In July, controversy shook the national convention of AFSCME, one of the largest labor unions in the United States. Delegates proposed expelling thousands of the union’s members and were eventually booed off the convention floor. These delegates feared for their safety walking back to their hotel rooms. Withdrawing protection from an entire sector of workers seems like a contradictory proposal for a union to consider, but the defeated resolution follows a long tradition of worker organizing. To understand why, we need to look into the reality of police unions, by far the strongest labor unions in the United States today (The Real News).
The controversial resolution was for AFSCME, a union of government workers, to disaffiliate from the International Union of Police Associations. “I think a lot of the loudness came from the fact that police and prison guards, specifically, were very, very loud,” says one of the delegates from Cop-Free AFSCME, “but it was the vast majority of the room against it” (The Real News).
In a country with weak labor unions, police unions have won a “wide array of protections” and generous compensation for their members. Bans on civilian oversight, prohibitions on anonymous civilian complaints, and shrouding disciplinary records in secrecy: all stem from the contracts negotiated by police unions on behalf of their members (The Nation).
But beyond objecting to specific contract language, Cop-Free AFSCME demands a “cop-free labor movement” (Cop-Free AFSCME). Since rank-and-file cops are not management or business owners, some might object that they need union membership as much as any other worker.
But cops aren’t like any other worker. For one thing, other workers don’t kill people for the government. And since labor organizing was illegal for most of U.S. history and political elites and lawmakers tend to support wealthy business owners far more than their disgruntled employees, those legally murdered by law enforcement have often been other union workers. Police unions historically weren’t part of the U.S. labor movement since cops are more likely to brutalize striking workers than take their side.
Labor unions exist because as long as employees show up and products get sold, it’s in the interest of business owners to extract as much labor as possible from workers while paying them as little as possible. The history of labor organizing has emphasized class consciousness, solidarity, and power for exploited working people. Class consciousness means recognizing that working people have a common interest in improving conditions for workers. Class solidarity is taking action to support other workers to make this happen, like walking a picket line to support a strike or refusing to violate a boycott. And class power is the objective for working people to control more of their workplaces, neighborhoods, and lives and for bosses and corporations to control less. A whole host of laws designed to benefit the well-off and disempower their employees are put into place to prevent that from happening (ABC News, AlterNet, NLG Review). A segment of workers is paid quite well to enforce such laws against other working people: the police.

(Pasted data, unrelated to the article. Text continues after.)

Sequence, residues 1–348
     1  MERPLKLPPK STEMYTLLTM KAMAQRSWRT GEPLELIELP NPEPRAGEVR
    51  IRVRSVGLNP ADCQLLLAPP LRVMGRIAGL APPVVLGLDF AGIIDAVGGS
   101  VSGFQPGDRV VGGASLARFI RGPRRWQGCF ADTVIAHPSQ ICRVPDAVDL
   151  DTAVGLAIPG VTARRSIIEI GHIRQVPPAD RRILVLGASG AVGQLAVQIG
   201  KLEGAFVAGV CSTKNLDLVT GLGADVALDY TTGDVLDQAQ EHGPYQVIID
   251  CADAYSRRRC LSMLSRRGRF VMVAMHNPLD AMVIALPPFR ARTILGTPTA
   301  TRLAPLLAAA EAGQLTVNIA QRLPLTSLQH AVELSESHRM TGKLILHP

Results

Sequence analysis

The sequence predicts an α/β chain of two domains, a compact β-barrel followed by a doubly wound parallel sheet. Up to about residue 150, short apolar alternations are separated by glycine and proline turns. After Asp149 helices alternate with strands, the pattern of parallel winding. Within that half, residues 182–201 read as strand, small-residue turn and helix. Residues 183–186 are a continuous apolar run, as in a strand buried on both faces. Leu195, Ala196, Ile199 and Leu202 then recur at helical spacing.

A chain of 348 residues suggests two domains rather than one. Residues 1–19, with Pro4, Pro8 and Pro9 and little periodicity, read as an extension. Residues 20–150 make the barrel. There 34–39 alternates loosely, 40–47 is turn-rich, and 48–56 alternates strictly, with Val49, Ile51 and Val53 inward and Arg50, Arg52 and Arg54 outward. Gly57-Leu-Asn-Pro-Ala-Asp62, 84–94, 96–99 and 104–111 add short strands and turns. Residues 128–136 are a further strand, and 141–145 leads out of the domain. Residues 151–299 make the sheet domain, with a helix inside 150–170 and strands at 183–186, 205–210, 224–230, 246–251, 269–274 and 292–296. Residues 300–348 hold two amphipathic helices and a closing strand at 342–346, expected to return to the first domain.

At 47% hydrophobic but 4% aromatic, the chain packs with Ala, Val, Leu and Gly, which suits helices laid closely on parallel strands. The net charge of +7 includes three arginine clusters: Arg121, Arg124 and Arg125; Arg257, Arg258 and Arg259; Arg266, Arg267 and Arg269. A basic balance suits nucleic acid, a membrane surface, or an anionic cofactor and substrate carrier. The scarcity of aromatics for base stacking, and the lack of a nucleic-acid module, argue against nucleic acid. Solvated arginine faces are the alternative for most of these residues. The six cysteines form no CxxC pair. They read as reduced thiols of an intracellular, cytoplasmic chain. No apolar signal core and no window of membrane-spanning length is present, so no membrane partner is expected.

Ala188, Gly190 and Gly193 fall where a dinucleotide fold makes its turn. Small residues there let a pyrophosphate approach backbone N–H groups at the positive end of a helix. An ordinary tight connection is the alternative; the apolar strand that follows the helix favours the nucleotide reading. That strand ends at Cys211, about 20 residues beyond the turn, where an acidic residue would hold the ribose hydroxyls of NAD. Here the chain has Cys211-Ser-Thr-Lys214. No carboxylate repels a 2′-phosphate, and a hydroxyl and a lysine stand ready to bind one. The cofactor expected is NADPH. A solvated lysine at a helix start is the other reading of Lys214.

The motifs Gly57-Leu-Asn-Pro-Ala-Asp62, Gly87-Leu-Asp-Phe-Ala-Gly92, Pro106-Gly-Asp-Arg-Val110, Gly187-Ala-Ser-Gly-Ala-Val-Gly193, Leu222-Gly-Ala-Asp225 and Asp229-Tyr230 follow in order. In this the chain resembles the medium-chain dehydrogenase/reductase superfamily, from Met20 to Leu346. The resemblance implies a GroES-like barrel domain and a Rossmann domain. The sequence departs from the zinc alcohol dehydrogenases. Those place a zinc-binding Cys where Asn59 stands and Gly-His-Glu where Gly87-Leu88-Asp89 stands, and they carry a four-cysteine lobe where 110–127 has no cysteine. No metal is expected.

Unlike other workers, “the police are clearly part of the managerial machinery of capitalism,” writes policing scholar Kristian Williams. “Their status as ‘workers’ is therefore problematic. Second, the agendas of police unions mostly reflect the interests of the institution (the police department) rather than those of the working class” (Teen Vogue).
The people killed by U.S. police aren’t Fortune 500 CEOs or hedge fund managers. They’re people like Teamsters member Philando Castile (Buzzfeed News), former American Postal Workers Union member Javier Ambler (CBS), and SEIU member Rayshard Brooks (Labor Notes). Police contract language derailed the investigation into the murder of Freddie Gray. When NYPD officer Daniel Pantaleo murdered Eric Garner, Pantaleo’s union threatened a work slowdown to shield him from accountability (Teen Vogue). The workers who turn on other working people, especially Black, Brown, and gender non-conforming people (Huffington Post), have no place in the labor movement. Neither do union officials who value political connections and membership dues more than the lives of their marginalized members.
• Police officers use violence against marginalized communities and workers fighting for dignity.
• Police unions shield police officers from accountability, harming working people as a whole.
• Police unions have no place in the labor movement.